Women who gave birth following fertility treatment had no long-term increased risk of death or major cardiovascular events compared to women who gave birth without fertility therapy, according to new research by the Institute for Clinical Evaluative Sciences (ICES) and Women's College Hospital.
The findings, published today in the Journal of the American College of Cardiology, are the first to show fertility medications, which can cause short-term pregnancy complications, are not associated with an increased risk of cardiovascular disease later in life.
"The speculated association between fertility therapy and subsequent cardiovascular disease is not surprising given that more women are waiting until an older age to have children, when they are at greater risk of developing heart disease," said Dr. Jacob Udell, lead author of the study and cardiologist at Women's College Hospital.
Fertility therapy is used in nearly one percent of all successful pregnancies in North America. But these medications are known to cause short-term complications such as gestational diabetes and hypertension. These short-term risks, however, do not translate into lasting cardiovascular damage according to the researchers.
In the study, researchers assessed the long-term risk of stroke, heart attack and heart failure following fertility therapy among 1.1 million women after delivery over a 17-year follow-up period in Ontario. They found:
"Our findings provide some reassurance that fertility therapy does not appear to increase long-term risk of cardiovascular events following successful pregnancy," says Dr. Donald Redelmeier, co-author of the study and a senior scientist at ICES. "The existing literature provides mixed messages, with our results yielding a relatively favourable assessment."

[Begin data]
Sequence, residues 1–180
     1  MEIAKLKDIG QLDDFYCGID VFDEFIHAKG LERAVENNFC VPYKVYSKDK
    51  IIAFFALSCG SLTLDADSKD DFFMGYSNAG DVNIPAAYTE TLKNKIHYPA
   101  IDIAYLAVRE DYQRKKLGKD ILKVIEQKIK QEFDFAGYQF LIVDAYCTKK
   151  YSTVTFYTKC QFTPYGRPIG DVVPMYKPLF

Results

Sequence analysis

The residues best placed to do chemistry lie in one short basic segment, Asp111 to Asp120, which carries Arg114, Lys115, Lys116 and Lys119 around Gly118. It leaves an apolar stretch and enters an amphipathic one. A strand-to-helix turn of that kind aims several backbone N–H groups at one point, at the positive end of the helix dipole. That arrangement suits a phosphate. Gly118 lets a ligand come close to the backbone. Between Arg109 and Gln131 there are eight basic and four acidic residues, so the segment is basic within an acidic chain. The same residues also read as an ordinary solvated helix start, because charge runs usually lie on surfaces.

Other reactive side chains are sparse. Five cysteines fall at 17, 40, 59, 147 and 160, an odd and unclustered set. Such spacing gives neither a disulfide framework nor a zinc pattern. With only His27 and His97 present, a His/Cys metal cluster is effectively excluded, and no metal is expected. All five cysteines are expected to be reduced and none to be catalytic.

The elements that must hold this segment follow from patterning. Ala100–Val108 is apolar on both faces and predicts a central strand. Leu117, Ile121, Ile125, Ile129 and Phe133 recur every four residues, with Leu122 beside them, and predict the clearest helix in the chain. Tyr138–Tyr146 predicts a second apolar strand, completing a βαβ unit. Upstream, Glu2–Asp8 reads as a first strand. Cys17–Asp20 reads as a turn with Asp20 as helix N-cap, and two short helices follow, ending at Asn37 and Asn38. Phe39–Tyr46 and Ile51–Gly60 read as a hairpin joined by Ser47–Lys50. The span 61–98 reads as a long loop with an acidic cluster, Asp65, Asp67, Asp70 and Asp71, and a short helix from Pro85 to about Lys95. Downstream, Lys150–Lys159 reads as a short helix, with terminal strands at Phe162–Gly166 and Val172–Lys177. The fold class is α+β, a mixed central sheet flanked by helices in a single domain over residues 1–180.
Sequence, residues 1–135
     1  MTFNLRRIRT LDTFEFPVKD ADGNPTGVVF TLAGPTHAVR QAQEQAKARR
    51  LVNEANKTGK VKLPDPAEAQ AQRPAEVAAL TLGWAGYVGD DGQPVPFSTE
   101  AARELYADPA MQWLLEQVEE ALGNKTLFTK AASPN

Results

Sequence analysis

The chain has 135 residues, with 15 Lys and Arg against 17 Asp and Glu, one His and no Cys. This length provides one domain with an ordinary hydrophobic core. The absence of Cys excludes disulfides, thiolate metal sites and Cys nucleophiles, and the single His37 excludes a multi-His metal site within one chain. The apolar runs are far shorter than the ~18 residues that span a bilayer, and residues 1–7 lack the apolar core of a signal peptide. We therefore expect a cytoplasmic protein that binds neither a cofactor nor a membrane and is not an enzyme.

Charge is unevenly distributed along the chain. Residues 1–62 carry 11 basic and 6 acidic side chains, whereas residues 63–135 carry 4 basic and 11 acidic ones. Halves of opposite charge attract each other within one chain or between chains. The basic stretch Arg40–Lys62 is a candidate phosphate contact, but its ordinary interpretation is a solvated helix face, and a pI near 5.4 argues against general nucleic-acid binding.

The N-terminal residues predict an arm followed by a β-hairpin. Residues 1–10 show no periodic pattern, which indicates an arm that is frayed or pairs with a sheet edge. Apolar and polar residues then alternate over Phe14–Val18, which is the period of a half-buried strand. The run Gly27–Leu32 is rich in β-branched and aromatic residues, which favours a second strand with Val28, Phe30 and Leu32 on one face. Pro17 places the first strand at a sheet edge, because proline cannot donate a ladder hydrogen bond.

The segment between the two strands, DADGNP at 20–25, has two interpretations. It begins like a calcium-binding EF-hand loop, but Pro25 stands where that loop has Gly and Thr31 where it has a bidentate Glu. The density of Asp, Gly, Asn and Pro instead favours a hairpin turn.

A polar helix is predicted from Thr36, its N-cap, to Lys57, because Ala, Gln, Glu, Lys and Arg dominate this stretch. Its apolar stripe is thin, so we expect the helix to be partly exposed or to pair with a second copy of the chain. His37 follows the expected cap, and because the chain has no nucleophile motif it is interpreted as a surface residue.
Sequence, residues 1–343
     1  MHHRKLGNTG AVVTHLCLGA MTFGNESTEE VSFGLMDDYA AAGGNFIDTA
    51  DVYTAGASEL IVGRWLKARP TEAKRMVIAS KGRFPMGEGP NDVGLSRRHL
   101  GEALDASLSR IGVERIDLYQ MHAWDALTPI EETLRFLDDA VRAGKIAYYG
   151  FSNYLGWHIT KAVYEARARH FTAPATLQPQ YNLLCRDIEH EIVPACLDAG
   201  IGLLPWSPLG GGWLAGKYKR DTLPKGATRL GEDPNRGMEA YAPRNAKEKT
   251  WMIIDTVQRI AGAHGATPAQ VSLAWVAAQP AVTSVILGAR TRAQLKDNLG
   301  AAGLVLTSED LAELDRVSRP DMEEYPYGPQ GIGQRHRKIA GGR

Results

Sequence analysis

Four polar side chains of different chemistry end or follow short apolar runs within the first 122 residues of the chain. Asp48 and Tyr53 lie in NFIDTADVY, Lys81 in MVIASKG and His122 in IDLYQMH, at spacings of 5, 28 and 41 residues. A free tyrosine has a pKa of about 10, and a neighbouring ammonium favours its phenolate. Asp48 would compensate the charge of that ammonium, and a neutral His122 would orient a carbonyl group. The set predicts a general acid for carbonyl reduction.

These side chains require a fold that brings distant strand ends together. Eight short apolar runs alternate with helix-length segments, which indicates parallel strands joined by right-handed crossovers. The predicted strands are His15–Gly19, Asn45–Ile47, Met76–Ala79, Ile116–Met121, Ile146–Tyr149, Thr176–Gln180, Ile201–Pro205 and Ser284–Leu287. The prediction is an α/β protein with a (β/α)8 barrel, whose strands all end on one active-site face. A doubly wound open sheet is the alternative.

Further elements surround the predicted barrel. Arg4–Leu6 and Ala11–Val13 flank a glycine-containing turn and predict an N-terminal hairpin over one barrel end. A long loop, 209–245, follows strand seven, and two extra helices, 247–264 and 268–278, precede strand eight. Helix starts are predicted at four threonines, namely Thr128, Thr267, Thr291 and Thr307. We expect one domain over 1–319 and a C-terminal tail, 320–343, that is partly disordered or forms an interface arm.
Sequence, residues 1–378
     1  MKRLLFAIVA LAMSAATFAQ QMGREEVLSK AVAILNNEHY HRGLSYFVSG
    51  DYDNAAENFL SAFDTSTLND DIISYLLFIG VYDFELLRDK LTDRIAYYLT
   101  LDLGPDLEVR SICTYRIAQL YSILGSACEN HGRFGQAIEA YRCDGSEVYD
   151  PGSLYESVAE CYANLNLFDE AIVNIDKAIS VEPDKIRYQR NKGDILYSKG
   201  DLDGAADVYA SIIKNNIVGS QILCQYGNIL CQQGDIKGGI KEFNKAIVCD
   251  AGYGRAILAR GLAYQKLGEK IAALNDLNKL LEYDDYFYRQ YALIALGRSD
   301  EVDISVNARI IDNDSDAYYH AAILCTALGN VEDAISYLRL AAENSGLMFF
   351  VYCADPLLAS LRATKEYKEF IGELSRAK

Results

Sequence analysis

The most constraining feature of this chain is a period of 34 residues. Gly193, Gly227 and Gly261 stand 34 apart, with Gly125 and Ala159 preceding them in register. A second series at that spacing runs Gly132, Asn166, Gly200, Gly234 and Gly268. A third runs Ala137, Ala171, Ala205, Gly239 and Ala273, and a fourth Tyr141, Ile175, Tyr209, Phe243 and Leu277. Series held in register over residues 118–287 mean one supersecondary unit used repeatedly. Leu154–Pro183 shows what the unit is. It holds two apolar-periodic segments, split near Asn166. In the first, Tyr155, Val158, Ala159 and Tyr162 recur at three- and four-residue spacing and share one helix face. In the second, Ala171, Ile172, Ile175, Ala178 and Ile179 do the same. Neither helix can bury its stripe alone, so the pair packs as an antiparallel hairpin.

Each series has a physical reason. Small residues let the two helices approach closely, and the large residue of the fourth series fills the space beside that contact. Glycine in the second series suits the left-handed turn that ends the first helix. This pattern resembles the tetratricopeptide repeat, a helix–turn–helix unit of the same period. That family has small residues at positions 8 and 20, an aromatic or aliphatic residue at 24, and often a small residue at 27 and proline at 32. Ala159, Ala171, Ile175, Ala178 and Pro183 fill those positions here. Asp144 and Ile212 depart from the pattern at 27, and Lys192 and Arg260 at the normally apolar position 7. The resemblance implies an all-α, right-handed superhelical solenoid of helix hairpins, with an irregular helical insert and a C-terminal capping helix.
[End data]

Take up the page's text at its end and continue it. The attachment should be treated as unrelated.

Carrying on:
One theory is that women who seek fertility therapy maintain healthier behavior after a successful delivery -- a pattern that extends across age and income groups, the researchers say. "Those with successful outcomes may have a powerful and durable change to their lifestyle," says Dr. Redelmeier. "Unknown protective mechanism may also contribute."
"Our findings are encouraging but further research is necessary to explain the full impact of fertility therapy on women's health," Dr. Udell adds. "With a better understanding of the long-term health effects associated with fertility therapy, we can help inform decision making and reduce potential health risks to women."
Materials provided by Women's College Hospital. Note: Content may be edited for style and length.
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